Last time, I gave a fairly simple logic that satisfies me in its ability to refer to mathematical concepts that fall in the realm mathematicians call the Arithmetical Hierarchy. Fun. But perhaps you think something is fishy-- it isn't too hard to design a deduction system that uses this logic I've described, but it doesn't seem like it would be able to do anything that a normal logic engine can't do. What's up?
Perhaps you're thinking that I'm being a bit philosophical, that I'm not worrying about something that actually matters to people trying to implement an AI system. The issue sounds pretty abstract. "Is the logic grounded? Does it Refer?"
Well, anyway, here's why it actually matters.
The logic doesn't do much by itself. But it can be conveniently augmented by a nonmonotonic reasoning system like the one I talked about previously. What's nice is that the nonmonotonic theory is automatically specified by the structure of the first-order-logic-plus-lambda-calculus theory, automatically taking care of some issues that were troubling me. (If I wanted to make that nonmonotonic logic look like a normal nonmonotonic logic, then I would need to add some strange control operators specifying a nesting of nonmonotonicness corresponding to the arithmetical levels. Maybe that is OK. But it gets worse if you ask what happens when someone comes along and arranges those nesting operators in a way that creates recursion.)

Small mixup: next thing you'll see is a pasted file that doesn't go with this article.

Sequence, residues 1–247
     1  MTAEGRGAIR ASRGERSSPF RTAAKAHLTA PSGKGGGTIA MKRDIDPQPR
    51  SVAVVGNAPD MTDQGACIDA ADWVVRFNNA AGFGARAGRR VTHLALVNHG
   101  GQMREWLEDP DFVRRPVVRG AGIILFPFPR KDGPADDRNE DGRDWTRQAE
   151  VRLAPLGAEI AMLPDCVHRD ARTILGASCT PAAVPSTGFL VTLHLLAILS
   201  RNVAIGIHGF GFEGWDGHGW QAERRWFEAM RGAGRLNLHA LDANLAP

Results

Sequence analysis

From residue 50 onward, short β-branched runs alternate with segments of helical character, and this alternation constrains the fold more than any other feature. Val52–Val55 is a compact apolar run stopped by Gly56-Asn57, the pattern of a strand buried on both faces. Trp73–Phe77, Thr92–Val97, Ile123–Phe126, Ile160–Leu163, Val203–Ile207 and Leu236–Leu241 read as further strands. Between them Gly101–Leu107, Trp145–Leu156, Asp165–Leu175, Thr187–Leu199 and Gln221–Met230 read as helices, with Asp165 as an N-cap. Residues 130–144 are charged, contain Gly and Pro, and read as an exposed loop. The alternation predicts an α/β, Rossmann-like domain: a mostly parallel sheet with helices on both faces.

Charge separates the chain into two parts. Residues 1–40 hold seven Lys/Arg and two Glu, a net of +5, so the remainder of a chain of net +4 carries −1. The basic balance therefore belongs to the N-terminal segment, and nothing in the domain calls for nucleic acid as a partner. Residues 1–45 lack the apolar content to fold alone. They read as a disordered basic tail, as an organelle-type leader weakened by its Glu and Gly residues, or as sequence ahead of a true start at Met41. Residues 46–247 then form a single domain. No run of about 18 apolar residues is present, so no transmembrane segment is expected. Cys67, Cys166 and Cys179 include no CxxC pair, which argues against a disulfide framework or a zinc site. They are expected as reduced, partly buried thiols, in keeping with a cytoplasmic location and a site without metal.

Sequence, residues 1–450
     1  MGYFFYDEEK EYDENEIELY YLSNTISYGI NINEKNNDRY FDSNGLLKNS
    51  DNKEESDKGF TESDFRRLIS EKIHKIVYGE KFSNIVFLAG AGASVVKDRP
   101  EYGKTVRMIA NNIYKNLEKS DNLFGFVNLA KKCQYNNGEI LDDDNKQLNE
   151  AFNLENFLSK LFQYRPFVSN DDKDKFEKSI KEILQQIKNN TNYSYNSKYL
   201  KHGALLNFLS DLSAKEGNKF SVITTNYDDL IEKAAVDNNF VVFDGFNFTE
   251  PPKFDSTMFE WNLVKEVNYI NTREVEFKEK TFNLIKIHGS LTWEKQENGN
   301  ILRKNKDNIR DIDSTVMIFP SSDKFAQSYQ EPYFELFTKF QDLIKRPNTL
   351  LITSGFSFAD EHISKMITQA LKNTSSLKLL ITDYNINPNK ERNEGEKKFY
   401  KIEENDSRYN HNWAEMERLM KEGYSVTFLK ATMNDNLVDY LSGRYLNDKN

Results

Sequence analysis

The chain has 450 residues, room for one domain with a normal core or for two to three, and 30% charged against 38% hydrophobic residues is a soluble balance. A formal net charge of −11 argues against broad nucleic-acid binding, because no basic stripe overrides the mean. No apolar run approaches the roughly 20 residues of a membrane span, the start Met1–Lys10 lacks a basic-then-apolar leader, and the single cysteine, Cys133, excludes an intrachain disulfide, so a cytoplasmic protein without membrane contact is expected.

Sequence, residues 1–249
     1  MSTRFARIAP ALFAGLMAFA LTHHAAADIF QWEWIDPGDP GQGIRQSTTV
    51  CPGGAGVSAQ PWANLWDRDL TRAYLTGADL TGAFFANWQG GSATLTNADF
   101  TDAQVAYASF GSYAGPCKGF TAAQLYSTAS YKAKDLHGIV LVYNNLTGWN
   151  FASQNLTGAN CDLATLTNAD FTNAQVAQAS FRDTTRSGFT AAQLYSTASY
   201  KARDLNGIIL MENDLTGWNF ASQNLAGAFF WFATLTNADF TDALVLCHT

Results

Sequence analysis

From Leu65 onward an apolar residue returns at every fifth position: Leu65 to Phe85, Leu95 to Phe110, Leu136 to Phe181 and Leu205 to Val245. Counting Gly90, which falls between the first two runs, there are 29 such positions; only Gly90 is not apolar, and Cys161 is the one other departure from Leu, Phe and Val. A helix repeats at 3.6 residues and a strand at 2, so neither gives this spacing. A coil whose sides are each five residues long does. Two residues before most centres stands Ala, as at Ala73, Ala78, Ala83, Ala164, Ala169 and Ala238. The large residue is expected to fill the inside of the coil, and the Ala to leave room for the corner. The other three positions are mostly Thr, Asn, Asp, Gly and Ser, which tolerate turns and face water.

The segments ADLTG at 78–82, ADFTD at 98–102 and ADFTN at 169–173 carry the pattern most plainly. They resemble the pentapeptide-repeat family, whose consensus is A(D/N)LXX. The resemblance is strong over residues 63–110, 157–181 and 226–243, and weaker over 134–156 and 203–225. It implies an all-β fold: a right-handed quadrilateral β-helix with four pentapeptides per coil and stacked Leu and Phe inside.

A computable predicate is a sentence containing unbound terms, halting lambda terms, and predicates that can be determined immediately (such as equality for numbers that are given in a standardized notation). Also, boolean operations on such predicates. When we add qunatifiers to these statements, we can easily determine where they fall on the arithmetical hierarchy (although we cannot guarantee that this is the lowest order, since there could be a simpler way of writing the same thing, and it could fall on a lower order.) This allows us to use the procedure previously defined to nonmonotonically reason about all statements.
Another way that this union of lambda calculus and first-order logic could matter would be in inductive systems. If a system learns models based on the combined logic, it might be able to usefully differentiate between models that would be equivalent otherwise. As I discussed in the last post, the difference is that the semantics of lambda calculus assumes a closed world in which no new rules or propositions will be added, while the first-order world is fundamentally open. A theory that uses lambdas is therefore strictly more specific than the pseudo-equivalent first-order theory that is able to make all the same positive deductions; the first-order theory fails to rule out some things that the theory with lambda can. How can we take advantage of this?
Well. Via probability theory, a more specific theory should make the actual data more likely, by ruling out a greater number of alternative possibilities. To get this to work for us, we've got to actually enforce the open-world-ness of pure first-order logic when we assign probabilities. This is not typically something people worry too much about. It is easy to see this as a bit philosophical; I might be fixing a problem that people do not have, because they go ahead and make closed-world assumptions where they need to in practice. But I am describing a formal way of looking at these closed-world assupmptions, and that seems useful.